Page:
Instead, you should be objectively observing and analyzing the outcome of each attempt. This technique of observation serves only to direct your next effort. By using this way of thinking to approach a new activity, you are more patient with ourselves and not in a hurry to get to some predetermined point. Your goal should be to stay in this process and direct your energy into whatever activity you are doing in the present. This way, every second you achieve this, you fulfill your goal. In this approach the process brings inner peace and a sense of mastery and self confidence. (pp27)
“Experiencing impatience is one of the first symptoms of not being in the present moment, not doing what you are doing, and not staying process-oriented.” (pp78)
(1) The first step towards patience is to become aware of when your internal dialogue is running wild and dragging you with it. (pp79)
(2) The second step in creating patience is understanding and accepting that there is no such thing as reaching a point of perfection in anything. What you perceive as perfect is always relative to where you are in any area of your life.
“Consider a sailor trying to reach the horizon. It is unreachable. If the sailor sees the horizon as the point he must reach to achieve happiness, he is destined to experience eternal frustration. He works all day at running the boat, navigating, trimming the sails, and yet by nightfall he is no closer to the horizon that he was at dawn’s first light. The only evidence he has of forward motion is the wake left behind the boat. Unseen to him are the vast distances he is really travelling just by keeping the wind in the sails and applying the moment-by-moment effort of running the ship.” (pp80)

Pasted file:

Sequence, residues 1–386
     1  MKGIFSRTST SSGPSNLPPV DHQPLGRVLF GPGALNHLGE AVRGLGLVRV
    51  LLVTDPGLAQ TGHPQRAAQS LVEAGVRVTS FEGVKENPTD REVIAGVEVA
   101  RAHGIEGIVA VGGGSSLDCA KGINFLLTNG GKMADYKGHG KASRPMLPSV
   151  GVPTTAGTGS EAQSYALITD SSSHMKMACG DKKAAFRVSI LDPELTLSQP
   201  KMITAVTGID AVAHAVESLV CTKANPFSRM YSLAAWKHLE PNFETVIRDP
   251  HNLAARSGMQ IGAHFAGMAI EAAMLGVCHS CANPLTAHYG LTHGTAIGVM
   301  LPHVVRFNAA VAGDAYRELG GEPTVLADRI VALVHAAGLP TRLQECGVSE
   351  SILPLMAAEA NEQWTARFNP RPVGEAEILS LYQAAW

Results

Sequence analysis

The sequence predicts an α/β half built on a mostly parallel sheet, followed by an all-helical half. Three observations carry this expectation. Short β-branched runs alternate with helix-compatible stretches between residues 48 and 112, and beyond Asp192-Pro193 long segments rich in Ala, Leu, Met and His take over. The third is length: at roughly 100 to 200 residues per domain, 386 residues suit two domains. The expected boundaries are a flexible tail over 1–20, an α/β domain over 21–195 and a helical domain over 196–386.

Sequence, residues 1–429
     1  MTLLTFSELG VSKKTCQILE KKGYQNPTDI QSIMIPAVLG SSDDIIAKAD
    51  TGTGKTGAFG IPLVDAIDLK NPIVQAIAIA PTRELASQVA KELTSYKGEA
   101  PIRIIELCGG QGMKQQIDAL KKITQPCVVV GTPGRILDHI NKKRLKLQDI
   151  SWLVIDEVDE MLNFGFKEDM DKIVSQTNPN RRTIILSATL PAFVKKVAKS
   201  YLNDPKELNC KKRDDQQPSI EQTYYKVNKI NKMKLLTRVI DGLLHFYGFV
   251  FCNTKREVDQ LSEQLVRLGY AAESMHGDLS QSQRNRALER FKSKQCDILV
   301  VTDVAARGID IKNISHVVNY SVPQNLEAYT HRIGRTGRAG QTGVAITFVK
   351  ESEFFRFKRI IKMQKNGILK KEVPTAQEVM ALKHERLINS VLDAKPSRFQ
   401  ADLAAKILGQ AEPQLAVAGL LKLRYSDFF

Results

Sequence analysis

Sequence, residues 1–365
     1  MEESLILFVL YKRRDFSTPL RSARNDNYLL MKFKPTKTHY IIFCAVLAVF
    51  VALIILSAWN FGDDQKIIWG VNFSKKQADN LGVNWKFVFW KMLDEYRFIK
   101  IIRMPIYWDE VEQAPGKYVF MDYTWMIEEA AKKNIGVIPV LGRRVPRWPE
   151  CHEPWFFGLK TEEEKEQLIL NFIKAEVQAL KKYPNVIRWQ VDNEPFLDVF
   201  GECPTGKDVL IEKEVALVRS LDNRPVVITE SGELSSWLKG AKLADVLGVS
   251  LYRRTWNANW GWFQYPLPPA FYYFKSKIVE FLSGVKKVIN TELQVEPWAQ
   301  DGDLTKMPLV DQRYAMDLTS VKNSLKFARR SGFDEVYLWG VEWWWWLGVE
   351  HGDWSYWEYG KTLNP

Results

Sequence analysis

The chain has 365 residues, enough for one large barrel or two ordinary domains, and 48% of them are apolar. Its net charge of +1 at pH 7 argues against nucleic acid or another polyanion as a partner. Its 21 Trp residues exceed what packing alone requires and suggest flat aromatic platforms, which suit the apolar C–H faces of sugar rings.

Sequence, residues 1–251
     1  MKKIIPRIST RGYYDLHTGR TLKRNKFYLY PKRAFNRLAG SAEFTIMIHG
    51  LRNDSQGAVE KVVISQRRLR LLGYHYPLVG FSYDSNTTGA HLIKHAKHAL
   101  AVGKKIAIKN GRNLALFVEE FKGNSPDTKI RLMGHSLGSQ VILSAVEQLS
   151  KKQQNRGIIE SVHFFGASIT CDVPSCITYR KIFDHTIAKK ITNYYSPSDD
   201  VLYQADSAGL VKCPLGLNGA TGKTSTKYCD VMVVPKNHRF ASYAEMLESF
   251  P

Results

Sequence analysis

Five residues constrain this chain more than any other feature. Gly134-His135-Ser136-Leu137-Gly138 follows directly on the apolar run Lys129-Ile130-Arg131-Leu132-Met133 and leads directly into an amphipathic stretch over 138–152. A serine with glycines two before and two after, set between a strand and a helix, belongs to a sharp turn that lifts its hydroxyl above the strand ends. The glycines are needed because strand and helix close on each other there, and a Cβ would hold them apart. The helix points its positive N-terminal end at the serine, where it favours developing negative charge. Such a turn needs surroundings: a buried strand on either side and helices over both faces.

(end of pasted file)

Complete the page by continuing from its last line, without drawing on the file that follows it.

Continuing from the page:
“Everything that you spiritually acquire expands your true self and becomes part of you forever.” (pp137)
Four ‘S’ Words
These are: simplify, small, short, slow. (pp95–97)
Break a task down into components or smaller sections.
Develop a perspective change that affords you more patience. Use small tasks that can be achieved with a comfortable amount of concentration.
Set a time limit that is short but realistic, and end the task when the time is up.
Work slow enough that you are aware of what you are doing and you will increase both your focus and productivity (despite how slow you may feel you are moving).
The “DOC” Method
Do / Observe / Correct (pp114)
Become a good observer of your own actions. Focus on the process and be objective throughout the process. Instead of focusing on winning or some abstract goal—which adds a lot of undue pressure—do what you’re trying to, observe how it went, make a corrective action, and re-try. Focus on the process; not the outcome.
“When you find yourself falling back into fretting, start the cycle again. Just do, observe, correct… no negative emotions or judgements. It’s tiring at first. Remember, you are breaking an unwanted habit in how you deal with problems.” (pp116)